The billionaire investor Warren E. Buffett disclosed Friday that he had earned profits for shareholders of Berkshire Hathaway by speculating in the Brazilian currency, the real, and by buying a large stake in a French pharmaceutical company, Sanofi-Aventis.
He also complained that many other companies were overstating earnings, and he expressed puzzlement that their auditors let them get away with it.
Mr. Buffett’s annual letter to shareholders, which was released Friday, has become something of a business institution, with the certainty that he will offer caustic comments and the hope that he will shed light on his investments.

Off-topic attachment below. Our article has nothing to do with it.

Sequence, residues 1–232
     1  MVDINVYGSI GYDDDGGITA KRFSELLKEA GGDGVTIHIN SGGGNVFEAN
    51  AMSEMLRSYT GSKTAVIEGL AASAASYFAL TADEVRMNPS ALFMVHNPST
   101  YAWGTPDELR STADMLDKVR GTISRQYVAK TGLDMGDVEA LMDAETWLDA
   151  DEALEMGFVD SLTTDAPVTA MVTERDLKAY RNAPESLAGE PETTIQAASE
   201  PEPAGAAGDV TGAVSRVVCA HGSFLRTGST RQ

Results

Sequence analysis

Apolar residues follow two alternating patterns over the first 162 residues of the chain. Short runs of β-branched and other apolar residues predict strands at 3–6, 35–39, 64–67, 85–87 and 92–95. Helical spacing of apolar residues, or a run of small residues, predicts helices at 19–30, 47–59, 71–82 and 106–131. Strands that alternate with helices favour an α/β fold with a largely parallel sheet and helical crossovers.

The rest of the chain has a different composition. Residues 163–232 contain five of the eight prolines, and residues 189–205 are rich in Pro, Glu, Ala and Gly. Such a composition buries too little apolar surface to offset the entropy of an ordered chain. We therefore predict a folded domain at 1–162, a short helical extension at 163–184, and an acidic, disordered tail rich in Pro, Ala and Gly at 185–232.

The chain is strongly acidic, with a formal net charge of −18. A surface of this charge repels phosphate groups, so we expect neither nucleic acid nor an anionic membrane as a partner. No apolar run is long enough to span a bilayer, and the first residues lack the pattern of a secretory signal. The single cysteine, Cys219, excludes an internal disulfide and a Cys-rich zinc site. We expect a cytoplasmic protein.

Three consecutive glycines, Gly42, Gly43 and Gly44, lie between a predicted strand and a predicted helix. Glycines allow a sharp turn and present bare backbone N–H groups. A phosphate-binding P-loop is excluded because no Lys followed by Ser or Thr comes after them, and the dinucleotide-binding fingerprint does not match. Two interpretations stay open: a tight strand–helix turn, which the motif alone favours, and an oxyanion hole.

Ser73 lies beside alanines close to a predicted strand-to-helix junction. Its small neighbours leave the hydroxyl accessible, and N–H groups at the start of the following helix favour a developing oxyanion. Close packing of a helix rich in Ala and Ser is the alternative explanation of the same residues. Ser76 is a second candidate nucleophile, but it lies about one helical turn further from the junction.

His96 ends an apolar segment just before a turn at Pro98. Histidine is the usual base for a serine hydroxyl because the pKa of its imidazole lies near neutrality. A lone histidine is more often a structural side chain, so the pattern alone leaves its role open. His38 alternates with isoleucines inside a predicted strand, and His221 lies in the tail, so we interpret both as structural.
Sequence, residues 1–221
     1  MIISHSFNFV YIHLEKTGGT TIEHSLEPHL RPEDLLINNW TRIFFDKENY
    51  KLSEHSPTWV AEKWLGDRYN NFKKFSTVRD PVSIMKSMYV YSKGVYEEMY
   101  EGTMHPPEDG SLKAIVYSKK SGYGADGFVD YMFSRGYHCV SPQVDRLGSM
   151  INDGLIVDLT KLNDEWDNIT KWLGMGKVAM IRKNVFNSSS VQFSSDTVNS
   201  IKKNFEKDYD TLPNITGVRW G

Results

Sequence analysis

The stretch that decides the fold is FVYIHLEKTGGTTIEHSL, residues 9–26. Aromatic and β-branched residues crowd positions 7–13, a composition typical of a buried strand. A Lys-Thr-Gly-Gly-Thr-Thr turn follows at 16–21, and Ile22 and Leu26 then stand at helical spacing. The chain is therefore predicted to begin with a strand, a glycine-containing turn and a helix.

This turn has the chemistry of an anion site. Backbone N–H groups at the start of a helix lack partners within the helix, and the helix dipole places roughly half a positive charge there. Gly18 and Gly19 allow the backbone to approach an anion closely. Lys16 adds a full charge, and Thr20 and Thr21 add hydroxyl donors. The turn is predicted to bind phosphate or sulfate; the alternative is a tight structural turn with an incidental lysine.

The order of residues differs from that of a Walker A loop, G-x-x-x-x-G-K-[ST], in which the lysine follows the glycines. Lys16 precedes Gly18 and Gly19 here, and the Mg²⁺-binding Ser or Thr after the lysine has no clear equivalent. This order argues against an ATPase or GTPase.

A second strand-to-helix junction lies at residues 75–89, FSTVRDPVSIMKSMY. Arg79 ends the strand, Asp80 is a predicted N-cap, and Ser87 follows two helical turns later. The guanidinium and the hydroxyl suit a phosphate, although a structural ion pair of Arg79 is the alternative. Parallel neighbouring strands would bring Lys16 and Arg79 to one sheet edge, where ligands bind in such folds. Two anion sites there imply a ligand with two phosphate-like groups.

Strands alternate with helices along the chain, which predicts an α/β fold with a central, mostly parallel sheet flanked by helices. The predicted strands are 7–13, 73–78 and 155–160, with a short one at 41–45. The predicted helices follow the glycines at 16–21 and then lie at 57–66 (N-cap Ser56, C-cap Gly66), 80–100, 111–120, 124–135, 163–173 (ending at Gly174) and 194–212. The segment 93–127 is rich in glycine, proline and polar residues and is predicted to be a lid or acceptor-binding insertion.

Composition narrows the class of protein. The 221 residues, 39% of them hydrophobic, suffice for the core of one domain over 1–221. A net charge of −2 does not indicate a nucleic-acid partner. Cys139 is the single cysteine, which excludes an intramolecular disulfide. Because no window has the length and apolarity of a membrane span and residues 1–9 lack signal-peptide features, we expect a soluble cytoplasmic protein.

This year, his scorn was aimed at the “financial folly” of lenders who financed the housing boom, since vanished, and at companies that use rosy assumptions of investment success to raise reported profits.
The comments, which were released after the market closed, came as Berkshire reported that fourth-quarter profit fell 18 percent, in part because of falling insurance rates. Net income decreased to $2.95 billion, or $1,904 a share, from $3.58 billion, or $2,323, a year earlier.
Mr. Buffett offered no commentary on Berkshire’s foray into the municipal bond insurance business, and no explanation of why he spent $1.5 billion to buy a 1.3 percent stake in Sanofi-Aventis.
But he was willing to say, in effect, “I told you so,” in recalling his warning a year ago about “weakened lending practices” in the mortgage market.
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